Minerva

Minerva

BMJ 2004; 328 doi: https://doi.org/10.1136/bmj.328.7446.1024 (Published 22 April 2004) Cite this as: BMJ 2004;328:1024

This article has a correction. Please see:

Childhood vaccination has been blamed for a long list of disorders. One possible example is type 1 diabetes mellitus, which has become more common in developed countries which have also been urged to adopt an ever growing number of vaccines for use in children. Now the New England Journal of Medicine (2004;350: 1398-404) has published the results of a vast study in Denmark of 681 children with 4,720,517 person years of follow up and found no link between diabetes and childhood vaccination.

Up to a third of patients with fibromyalgia are eventually diagnosed as having irritable bowel syndrome as well. The connection is strengthened by a finding of abnormal results on the lactulose breath test in both groups (Annals of the Rheumatic Diseases 2004;63: 450-2). The practical value of these findings is that the bowel symptoms can be relieved by treatment with antibiotics to eliminate the overgrowth of bacteria in the intestines.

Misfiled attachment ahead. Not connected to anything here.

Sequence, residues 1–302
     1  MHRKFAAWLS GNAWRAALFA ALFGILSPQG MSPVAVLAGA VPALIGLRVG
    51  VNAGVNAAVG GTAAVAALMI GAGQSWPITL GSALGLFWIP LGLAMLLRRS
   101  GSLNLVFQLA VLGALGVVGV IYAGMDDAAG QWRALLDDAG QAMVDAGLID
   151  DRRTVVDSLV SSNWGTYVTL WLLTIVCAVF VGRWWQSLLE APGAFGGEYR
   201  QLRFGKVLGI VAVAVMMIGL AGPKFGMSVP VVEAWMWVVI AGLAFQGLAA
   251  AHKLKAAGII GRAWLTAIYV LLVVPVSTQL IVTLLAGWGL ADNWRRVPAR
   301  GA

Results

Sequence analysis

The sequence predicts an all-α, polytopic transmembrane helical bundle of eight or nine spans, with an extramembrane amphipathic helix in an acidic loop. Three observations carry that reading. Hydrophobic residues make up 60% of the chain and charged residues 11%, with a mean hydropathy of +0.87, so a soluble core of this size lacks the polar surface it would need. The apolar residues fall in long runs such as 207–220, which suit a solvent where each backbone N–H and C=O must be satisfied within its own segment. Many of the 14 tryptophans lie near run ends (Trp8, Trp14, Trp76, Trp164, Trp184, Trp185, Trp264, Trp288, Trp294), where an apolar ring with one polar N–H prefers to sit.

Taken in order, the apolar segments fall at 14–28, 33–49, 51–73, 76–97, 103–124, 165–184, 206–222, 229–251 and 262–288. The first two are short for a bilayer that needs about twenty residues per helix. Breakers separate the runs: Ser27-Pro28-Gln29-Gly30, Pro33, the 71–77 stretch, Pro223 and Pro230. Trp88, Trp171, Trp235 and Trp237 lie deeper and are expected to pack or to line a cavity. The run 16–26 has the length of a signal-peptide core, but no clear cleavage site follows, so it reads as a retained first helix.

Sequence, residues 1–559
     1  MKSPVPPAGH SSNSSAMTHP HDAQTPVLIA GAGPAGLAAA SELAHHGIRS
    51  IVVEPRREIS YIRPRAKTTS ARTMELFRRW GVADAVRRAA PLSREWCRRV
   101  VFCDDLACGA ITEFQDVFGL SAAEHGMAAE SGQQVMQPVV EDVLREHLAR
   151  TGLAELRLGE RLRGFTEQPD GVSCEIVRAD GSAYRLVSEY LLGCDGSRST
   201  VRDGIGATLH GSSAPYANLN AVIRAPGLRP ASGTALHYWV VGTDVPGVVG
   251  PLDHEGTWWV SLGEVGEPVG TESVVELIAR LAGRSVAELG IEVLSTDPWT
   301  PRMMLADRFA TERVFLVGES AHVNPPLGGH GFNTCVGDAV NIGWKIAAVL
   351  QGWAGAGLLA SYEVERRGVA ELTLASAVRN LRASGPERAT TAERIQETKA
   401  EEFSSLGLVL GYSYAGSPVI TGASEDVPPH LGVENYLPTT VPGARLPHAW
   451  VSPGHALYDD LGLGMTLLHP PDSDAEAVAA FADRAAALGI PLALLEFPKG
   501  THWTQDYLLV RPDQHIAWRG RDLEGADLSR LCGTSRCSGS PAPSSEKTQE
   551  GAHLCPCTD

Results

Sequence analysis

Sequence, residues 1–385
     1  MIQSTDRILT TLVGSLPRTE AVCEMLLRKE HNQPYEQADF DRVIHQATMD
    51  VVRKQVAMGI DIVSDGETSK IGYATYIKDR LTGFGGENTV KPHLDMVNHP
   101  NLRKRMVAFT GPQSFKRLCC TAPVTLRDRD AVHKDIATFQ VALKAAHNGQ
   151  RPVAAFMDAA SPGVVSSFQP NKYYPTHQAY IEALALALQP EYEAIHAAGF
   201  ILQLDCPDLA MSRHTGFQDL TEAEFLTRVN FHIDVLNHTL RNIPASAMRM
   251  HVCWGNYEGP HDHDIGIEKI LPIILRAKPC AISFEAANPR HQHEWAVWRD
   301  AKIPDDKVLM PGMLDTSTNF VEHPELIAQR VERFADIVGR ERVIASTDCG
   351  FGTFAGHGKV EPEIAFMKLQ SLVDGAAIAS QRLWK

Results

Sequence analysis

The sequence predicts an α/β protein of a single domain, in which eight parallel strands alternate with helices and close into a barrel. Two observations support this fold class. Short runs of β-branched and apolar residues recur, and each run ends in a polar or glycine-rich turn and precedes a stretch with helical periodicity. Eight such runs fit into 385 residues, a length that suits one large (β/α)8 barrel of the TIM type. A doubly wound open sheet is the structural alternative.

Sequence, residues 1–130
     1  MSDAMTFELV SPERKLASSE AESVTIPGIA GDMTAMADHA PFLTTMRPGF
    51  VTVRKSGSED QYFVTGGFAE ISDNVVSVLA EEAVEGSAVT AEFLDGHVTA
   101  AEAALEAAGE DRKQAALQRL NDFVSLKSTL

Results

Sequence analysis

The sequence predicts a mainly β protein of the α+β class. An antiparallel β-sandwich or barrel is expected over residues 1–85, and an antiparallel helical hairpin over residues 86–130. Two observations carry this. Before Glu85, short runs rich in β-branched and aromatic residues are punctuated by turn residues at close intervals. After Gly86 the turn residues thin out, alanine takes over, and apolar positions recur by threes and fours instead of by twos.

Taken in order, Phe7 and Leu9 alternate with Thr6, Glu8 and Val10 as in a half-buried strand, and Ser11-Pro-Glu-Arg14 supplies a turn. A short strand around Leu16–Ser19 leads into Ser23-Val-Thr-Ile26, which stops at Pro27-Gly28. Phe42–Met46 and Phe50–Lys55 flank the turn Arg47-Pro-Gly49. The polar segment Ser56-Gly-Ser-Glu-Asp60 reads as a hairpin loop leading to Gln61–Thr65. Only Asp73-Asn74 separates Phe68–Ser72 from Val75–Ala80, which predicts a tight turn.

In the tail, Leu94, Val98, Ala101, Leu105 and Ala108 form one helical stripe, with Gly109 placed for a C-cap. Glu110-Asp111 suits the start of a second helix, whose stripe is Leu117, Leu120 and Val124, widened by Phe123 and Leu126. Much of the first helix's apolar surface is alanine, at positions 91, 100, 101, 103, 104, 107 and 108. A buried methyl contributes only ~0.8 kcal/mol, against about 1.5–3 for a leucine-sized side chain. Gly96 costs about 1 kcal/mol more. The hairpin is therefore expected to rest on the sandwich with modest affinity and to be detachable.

Should someone who has just been found to have a primary infection with HIV be treated with highly active antiretroviral therapy (HARRT)? This seems likely to be a valuable treatment, but a review in AIDS (2004;18: 709-18)concludes that there is no clear evidence that patients with access to acute antiretroviral therapy have any benefit from its immediate …

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